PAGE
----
Quebec coroner Géhane Kamel said Monday that grieving families may never get the full story behind the thousands of deaths that occurred in long-term care homes during the first wave of COVID-19.
Kamel expressed shock that after a yearlong investigation, there seemed to be no consensus from witnesses on the timeline of how the government responded to the health crisis or where blame should lie for the tragedy.
Her comments came after a former manager with the Health Department told the inquest on Monday that the Quebec government only became aware of the risk COVID-19 posed to long-term care homes in mid-March 2020.
Martin Simard's testimony backed up that of Seniors Minister Marguerite Blais, but it contradicted the testimony of other prominent witnesses, including the province's ex-public health director and former health minister, who both said the province knew of the risk in late January.
Simard said that written internal communication on COVID-19 preparation from January was aimed at the network as a whole and did not focus specifically on the care homes, known as CHSLDs.
Kamel has been examining the deaths of elderly and vulnerable people in seven residential settings during the first wave of the COVID-19 pandemic, as well as investigating the government's response to the outbreaks.
On Monday, Kamel said she was "flabbergasted" at the statements she had heard and at the inability of some witnesses to admit that care homes had been a "blind spot" in the government's response.
"It's been a year that what we've been told is, 'I can't tell you, I can't say, and it may not be our department or our group that was managing,'" she said.
"It seems to me that people should be able to tell us in all honesty: 'Listen, we may have had a little blind spot when it comes to CHSLDs.'"
Simard told the inquiry that the long-term care homes only became a "named issue" on March 11. He said it was the responsibility of then-public health director Dr. Horacio Arruda to highlight the risk to care homes.
He said his role was mainly one of co-ordination between departments and that he experienced no difficulties in that regard.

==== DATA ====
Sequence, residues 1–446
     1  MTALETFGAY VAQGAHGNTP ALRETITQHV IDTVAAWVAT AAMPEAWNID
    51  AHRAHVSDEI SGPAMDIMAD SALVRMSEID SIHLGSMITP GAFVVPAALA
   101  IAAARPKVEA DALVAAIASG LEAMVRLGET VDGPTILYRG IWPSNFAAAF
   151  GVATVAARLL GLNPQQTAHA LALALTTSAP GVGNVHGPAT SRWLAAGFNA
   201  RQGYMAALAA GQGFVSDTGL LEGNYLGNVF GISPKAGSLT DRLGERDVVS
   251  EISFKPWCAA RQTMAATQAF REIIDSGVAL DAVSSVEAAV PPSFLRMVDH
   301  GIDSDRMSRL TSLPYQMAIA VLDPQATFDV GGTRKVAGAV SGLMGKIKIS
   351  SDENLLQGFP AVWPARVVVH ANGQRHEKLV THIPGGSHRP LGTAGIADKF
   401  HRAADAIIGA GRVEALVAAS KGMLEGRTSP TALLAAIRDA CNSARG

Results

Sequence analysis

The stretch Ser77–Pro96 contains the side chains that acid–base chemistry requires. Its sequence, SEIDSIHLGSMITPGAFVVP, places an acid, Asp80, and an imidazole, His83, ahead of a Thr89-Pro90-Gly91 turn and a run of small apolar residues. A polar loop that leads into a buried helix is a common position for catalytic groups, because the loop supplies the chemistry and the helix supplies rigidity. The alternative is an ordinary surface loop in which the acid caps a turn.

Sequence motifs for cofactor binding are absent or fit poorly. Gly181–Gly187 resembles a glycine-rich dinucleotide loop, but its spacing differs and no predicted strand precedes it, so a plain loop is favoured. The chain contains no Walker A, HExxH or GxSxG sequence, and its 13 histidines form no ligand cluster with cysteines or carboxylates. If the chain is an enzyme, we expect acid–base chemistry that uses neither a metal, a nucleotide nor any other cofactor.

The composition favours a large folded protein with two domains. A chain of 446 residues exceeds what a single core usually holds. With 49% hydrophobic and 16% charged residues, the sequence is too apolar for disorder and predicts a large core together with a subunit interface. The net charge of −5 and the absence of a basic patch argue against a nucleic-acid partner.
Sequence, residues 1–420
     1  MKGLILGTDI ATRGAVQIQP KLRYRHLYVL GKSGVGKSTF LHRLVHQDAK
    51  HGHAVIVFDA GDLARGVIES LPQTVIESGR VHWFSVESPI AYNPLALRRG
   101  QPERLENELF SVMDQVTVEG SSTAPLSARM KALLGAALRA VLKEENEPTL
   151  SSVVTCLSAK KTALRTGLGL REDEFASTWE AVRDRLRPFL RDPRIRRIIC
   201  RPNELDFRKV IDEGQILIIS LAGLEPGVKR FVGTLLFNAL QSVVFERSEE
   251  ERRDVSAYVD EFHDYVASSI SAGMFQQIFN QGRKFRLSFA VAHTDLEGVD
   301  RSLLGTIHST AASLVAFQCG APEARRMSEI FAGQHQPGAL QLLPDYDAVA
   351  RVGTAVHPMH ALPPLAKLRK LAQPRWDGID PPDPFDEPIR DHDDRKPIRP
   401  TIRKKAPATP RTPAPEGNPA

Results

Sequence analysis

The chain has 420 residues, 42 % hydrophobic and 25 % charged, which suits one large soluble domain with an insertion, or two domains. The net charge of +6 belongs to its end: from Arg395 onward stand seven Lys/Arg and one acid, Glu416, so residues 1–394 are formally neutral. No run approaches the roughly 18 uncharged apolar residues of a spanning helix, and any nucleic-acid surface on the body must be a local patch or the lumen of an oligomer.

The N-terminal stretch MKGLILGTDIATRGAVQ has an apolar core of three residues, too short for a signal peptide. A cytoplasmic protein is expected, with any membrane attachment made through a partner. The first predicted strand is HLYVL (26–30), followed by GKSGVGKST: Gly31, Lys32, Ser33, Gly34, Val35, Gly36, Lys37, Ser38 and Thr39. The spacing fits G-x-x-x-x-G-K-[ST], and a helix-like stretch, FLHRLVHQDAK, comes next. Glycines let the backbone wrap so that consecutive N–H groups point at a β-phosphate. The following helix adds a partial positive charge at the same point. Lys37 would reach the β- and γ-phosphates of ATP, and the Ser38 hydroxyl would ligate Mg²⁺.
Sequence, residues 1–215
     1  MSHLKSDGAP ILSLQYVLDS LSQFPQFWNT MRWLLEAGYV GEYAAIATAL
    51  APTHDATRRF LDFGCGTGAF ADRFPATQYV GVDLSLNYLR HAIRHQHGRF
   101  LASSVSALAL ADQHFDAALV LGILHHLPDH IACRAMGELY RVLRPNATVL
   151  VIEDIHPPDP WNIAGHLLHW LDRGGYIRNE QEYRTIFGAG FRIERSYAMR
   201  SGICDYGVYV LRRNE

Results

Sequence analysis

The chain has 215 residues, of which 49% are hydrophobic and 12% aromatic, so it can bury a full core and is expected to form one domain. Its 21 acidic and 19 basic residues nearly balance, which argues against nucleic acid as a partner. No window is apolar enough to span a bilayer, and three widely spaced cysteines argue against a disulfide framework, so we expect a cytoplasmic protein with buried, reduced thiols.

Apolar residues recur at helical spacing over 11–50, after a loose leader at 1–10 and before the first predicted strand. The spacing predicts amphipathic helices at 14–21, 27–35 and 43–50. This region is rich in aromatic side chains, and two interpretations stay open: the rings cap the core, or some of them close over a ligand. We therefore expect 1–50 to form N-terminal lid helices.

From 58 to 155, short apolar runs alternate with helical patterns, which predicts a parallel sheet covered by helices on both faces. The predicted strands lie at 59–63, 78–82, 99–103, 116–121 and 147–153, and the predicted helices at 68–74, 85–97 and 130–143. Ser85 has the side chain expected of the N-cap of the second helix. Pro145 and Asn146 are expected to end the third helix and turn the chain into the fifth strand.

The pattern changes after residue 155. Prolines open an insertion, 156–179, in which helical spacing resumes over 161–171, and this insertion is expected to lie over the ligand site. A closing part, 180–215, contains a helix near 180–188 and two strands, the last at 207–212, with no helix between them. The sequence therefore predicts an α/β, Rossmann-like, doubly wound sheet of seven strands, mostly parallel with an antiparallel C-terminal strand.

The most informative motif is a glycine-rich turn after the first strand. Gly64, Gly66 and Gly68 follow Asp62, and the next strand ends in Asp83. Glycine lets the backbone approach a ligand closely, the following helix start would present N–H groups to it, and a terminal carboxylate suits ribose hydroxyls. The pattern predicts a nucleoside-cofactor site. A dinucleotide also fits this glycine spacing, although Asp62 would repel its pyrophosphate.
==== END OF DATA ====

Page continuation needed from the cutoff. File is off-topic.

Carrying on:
Kamel had previously expressed hope that Simard's testimony would prove to be the "missing piece of the puzzle." On Monday, however, she said that piece would probably remain missing and that bereaved families would likely be left without answers.
"We can't get to the bottom of this story … is it normal that to this day, we're not able to have a story that holds together?" she said.
"We can't even get this chronology, because it's different depending on which actor is in front of us."
After Simard concluded his testimony, the lawyer for six of the families who lost loved ones in the homes blasted the government response, and Arruda in particular.
Quebec public health reacted "at the same rhythm as the population" — instead of planning ahead when it was clear as of January 2020 that there was a threat to the population, Patrick Martin-Menard said.
He said the slowness of the response was even harder to explain given that the province had an influenza pandemic plan it could have deployed. "Due to this inaction, because of this confusion, this lack of clarity and leadership, we lost crucial weeks," Martin-Menard told the inquiry.
Martin-Menard said it was clear the province hadn't acted quickly, despite what some witnesses claimed, and that Quebecers in long-term care homes had paid the price.
"We let them die alone … in complete indignity, not because it was an inevitable situation, but because we didn't adequately prepare."